Aviation News

Sweden Wants To Force Airlines To Use Biofuels To Cut Emissions

Sweden is considering a new mandate that would force airlines to use biofuels to cut emissions. Reportedly, Sweden’s average aviation emissions are as much as five times higher than the worldwide average.

What are the details?

According to The Local Sweden, Maria Wetterstand, the former leader of Sweden’s Green Party, was asked to investigate “measures to promote biofuels in flights.” Her report to the Swedish government is due on Monday.

Scandinavian Airlines Aircraft

SAS is the flag carrier of Sweden, Norway, and Denmark. Photo: Scandinavian Airlines.

New government bills in Sweden frequently start out with an investigation. Once the investigation has been completed, the government decides if it is a good idea to move forward with a government bill. The government bill, in turn, eventually goes before parliament. If it is approved, it becomes a law.

Maria Wetterstrand told the Swedish newspaper Dagens Nyheter that, if approved, the new law could go into effect in 2021. At this time, however, only one percent of biofuel would be required. Nonetheless, in 2025, the law would become stricter. Finally, by 2030, emissions could be reduced by as much as 30 percent.

Powered by Biofuel

Alaska Airlines has already completed several biofuel flights. The airline was the first domestic airline in the United States to fly scheduled flights using biofuel. Photo: Alaska Airlines.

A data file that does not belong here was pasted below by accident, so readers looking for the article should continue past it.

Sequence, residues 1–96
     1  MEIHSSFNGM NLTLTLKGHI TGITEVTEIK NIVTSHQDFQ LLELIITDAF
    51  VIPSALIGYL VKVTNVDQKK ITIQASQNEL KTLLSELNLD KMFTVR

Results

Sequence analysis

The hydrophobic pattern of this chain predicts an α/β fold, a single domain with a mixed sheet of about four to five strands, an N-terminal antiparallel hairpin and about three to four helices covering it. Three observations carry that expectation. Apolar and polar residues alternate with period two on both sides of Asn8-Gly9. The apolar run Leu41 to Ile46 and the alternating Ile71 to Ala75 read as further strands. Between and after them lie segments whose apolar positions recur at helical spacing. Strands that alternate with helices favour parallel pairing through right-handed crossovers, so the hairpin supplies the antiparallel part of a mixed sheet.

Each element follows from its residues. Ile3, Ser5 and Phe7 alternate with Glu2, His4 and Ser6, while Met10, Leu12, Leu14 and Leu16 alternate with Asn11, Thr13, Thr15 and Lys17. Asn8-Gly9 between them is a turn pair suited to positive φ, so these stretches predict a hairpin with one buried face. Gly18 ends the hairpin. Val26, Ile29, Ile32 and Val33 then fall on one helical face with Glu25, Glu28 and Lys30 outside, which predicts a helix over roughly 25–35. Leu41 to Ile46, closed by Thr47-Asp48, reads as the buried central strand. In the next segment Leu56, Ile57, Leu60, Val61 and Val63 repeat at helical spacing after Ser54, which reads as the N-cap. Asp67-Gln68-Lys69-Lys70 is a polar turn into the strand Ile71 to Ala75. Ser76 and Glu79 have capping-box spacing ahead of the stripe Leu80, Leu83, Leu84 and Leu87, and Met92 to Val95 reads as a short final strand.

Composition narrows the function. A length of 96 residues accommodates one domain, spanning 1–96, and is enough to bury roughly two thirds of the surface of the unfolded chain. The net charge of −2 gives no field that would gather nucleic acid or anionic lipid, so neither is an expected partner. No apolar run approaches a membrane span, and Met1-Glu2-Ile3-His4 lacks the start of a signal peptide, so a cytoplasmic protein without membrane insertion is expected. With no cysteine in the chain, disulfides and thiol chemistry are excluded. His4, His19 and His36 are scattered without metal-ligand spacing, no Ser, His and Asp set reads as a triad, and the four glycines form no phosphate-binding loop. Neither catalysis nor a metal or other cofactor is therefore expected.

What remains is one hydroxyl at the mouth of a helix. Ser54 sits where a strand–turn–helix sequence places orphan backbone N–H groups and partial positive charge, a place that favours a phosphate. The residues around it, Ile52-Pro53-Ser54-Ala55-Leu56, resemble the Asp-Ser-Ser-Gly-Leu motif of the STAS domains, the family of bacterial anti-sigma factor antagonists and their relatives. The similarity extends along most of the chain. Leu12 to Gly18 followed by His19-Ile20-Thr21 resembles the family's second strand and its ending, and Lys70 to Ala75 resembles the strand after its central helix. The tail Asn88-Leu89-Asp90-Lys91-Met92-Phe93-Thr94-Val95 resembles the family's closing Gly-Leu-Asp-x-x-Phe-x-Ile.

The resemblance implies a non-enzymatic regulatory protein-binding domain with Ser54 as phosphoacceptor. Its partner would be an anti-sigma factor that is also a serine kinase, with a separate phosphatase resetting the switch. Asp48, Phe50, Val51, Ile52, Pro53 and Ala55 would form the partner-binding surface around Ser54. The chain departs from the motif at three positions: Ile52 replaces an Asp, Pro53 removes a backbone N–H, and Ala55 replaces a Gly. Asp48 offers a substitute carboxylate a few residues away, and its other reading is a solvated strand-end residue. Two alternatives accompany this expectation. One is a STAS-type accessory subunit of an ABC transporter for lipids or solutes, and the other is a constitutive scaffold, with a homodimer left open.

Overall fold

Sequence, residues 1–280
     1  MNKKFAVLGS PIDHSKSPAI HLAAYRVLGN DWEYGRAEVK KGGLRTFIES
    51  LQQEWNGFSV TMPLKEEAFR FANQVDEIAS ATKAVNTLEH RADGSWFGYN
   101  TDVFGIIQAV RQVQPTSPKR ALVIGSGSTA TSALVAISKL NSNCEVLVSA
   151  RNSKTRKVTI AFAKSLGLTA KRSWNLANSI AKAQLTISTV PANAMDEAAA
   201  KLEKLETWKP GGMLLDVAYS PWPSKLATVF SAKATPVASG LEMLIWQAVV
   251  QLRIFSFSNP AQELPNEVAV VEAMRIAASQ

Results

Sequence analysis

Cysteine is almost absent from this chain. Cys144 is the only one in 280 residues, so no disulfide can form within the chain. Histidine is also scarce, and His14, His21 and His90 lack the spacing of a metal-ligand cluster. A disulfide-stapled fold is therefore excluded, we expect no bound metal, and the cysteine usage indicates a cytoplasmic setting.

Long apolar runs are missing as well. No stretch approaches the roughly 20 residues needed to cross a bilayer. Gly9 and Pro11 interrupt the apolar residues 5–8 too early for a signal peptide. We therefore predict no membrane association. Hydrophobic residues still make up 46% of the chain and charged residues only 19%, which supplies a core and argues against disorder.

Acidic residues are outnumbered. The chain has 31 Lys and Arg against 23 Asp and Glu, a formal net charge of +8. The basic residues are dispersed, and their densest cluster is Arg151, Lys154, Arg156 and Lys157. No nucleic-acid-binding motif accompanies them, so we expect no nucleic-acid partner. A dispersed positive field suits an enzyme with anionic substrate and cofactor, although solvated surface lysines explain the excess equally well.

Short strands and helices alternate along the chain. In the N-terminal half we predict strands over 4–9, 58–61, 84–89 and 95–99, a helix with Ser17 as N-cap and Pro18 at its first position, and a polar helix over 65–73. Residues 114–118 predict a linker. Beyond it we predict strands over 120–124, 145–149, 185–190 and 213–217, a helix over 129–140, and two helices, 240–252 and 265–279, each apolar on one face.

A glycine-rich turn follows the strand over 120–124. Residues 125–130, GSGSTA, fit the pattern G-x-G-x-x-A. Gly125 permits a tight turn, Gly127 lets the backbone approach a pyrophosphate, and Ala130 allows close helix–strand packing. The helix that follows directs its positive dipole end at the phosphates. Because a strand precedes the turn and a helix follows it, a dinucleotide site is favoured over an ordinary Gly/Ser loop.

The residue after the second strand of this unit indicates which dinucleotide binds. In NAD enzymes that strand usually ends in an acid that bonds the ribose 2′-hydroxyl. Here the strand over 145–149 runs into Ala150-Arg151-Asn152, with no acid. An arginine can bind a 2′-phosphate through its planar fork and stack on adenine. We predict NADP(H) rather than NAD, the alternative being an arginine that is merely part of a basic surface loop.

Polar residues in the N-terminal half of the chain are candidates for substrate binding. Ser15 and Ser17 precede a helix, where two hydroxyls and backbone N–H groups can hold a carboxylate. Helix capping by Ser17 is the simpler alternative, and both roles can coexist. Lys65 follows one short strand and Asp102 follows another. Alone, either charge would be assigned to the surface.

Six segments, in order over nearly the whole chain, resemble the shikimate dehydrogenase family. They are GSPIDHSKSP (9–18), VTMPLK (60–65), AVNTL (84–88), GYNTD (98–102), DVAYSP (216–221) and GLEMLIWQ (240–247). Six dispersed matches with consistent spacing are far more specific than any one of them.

Just to be clear, under the proposed Swedish mandate, we are not actually going to see aircraft fueled by biofuels only. The biofuels are going to be blended with regular aviation fuel.

Currently, biofuels are not readily available. As a result, the requirements proposed by Wetterstrand are very lenient in the beginning but get stricter as more biofuels become available. Wetterstrand said that “[they] don’t want to set demands [they] cannot live up to.”

What will this mean to travelers?

Biofuels are expected to be more expensive than the fuel currently used. Accordingly, the price of flights will go up, but only slightly. Initially, the cost of a flight in Europe would only increase by about $2 per flight. Nevertheless, by 2030, the implementation of the biofuel requirement could add as much as $27 to the price of a ticket for a long-haul flight.

What will this mean to airlines flying to Sweden?

If the new requirement indeed does go into effect, airlines flying to Sweden will have to refuel with the carbon-neutral biofuels. However, this is only the case, if they choose to refuel in Sweden. Maria Wetterstand has already acknowledged that some airlines might choose to take more fuel outside of Sweden to avoid refueling in the country. Unfortunately, this would actually lead to an increase in emissions.

Stockholm Arlanda Airport

Stockholm Arlanda Airport is the largest airport in Sweden. Numerous international airlines serve the airport. Photo: Wikimedia.

Consequently, it will be very important to get everybody on board with Sweden’s biofuel requirement.

How do you feel about requiring airlines to use biofuels to cut emissions?

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